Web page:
Cardiac dysfunction is one of many causes for unsuccessful weaning from mechanical ventilation. Although cardiac dysfunction can be detected via direct measurement of cardiac output during weaning, available methods are not feasible.
To investigate the role of noninvasive monitoring of cardiac output during weaning and determine if a relationship exists between serial measurements during the spontaneous breathing trial and weaning outcomes.
A prospective, observational study was conducted in the intensive care unit at a university-affiliated teaching hospital. The sample consisted of patients intubated for more than 24 hours who were being weaned off of mechanical ventilation according to a validated weaning protocol. Before the first spontaneous breathing trial, a noninvasive cardiac output monitor was connected to the ventilator circuit. Measurements were made before, at the beginning of, and at the end of the trial.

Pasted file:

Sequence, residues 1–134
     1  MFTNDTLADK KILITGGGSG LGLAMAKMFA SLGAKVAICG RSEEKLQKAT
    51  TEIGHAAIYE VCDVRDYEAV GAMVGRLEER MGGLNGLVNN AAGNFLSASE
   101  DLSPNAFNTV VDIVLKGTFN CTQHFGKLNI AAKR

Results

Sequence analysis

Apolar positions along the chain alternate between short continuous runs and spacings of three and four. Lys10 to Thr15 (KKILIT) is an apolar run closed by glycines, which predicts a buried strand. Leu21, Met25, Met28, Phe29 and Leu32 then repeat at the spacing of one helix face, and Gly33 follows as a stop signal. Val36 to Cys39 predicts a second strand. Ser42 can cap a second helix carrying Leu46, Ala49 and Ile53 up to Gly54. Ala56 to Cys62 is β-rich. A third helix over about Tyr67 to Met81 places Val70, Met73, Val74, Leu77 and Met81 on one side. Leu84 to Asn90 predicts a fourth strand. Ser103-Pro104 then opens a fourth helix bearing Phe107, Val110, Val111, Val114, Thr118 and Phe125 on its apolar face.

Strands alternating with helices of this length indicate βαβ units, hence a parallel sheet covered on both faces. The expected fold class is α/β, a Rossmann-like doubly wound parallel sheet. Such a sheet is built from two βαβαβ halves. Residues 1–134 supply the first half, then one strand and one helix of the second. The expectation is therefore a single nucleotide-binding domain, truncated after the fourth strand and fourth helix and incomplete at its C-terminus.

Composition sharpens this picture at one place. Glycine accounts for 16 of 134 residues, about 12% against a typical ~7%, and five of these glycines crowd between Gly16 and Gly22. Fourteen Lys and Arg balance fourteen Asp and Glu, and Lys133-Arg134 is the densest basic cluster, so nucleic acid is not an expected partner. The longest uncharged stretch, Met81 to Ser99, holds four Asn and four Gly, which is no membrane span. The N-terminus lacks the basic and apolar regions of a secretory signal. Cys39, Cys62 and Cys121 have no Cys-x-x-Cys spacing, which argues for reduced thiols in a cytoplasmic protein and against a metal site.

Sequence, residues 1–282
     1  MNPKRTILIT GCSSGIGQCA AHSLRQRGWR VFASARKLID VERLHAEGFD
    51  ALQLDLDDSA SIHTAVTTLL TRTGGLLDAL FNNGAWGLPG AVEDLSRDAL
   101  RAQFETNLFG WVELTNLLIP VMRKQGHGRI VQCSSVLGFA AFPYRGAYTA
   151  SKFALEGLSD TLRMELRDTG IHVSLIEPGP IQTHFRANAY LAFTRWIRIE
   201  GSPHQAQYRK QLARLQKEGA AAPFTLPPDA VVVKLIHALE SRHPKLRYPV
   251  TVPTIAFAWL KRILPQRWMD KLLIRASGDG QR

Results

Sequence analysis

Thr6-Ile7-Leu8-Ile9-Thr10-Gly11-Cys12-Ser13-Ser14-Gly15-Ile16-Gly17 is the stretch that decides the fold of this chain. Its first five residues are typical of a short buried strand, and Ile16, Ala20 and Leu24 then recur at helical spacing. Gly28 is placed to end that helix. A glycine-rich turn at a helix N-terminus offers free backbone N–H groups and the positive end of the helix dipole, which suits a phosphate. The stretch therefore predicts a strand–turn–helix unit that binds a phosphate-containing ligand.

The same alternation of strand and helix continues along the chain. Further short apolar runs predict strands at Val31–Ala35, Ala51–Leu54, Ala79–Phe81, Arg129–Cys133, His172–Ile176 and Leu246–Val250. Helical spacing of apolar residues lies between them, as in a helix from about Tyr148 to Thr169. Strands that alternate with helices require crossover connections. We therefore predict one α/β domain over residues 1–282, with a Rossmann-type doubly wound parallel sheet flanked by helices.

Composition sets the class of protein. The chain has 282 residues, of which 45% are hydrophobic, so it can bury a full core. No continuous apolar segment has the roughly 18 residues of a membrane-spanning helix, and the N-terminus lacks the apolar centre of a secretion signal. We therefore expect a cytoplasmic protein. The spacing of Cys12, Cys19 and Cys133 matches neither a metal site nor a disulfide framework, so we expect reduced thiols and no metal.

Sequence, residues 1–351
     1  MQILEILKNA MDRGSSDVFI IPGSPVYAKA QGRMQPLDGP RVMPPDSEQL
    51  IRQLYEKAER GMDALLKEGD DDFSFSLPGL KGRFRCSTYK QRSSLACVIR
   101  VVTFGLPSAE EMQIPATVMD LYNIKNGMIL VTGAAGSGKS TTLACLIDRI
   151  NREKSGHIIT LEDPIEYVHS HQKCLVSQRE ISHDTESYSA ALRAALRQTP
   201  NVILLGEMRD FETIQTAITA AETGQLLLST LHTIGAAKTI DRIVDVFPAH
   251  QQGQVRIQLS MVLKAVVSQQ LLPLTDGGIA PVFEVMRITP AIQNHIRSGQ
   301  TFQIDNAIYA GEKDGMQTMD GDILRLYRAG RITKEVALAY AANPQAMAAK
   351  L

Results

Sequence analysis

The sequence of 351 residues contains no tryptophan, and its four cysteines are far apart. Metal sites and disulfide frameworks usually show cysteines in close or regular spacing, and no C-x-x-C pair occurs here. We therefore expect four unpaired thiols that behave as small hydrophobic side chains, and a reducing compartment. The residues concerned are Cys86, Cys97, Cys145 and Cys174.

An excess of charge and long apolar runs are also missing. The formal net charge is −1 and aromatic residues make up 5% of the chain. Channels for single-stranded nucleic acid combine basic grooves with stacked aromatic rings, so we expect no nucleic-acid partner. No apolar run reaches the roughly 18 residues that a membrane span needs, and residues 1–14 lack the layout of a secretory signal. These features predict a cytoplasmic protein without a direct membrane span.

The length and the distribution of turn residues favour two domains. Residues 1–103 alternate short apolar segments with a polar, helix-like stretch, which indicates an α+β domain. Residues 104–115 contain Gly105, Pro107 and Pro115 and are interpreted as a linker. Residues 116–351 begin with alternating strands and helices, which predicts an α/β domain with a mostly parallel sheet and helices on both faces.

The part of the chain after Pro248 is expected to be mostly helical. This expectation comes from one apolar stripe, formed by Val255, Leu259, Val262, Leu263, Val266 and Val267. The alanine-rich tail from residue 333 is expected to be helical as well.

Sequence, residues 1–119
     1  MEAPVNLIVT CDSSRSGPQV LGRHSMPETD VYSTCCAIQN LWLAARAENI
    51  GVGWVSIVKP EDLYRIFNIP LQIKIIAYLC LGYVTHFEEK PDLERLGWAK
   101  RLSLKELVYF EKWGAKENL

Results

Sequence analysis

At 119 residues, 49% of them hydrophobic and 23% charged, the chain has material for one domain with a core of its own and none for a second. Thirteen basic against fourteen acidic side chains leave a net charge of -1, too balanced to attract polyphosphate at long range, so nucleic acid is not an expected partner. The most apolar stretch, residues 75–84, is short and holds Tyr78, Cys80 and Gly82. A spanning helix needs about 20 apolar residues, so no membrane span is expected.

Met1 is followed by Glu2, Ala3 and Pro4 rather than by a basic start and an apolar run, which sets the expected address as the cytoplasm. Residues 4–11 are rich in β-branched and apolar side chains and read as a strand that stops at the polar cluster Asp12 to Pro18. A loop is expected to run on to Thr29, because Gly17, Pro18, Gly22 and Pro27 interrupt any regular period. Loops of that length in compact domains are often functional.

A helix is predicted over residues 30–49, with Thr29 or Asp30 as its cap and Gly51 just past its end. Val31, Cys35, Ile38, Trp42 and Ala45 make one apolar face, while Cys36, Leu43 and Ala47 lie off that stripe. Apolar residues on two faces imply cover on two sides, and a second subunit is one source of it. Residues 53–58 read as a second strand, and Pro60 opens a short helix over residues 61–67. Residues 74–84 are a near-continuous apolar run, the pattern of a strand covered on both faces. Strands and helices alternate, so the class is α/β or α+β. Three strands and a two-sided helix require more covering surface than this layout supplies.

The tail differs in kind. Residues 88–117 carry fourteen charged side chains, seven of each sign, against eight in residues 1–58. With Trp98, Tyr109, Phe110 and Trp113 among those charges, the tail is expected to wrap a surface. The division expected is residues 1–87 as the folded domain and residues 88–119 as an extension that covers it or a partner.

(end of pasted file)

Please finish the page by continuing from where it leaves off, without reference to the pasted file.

Among the 85 patients tested, baseline cardiac output was similar (P = .93) for those in whom the first trial was successful (mean [SD], 5.7 [2.1] L/min) and those in whom the trial was unsuccessful (5.6 [1.8] L/ min). Unlike patients with unsuccessful trials, patients with successful trials were able to augment their cardiac output from baseline. Mean cardiac output increased to 7.1 (SD, 3.1) L/min for patients in whom weaning was successful and to 6.2 (SD, 2.3) L/min for those in whom weaning was unsuccessful (P = .001).
A noninvasive method of monitoring cardiac output can be easily applied while patients are being weaned off of mechanical ventilation.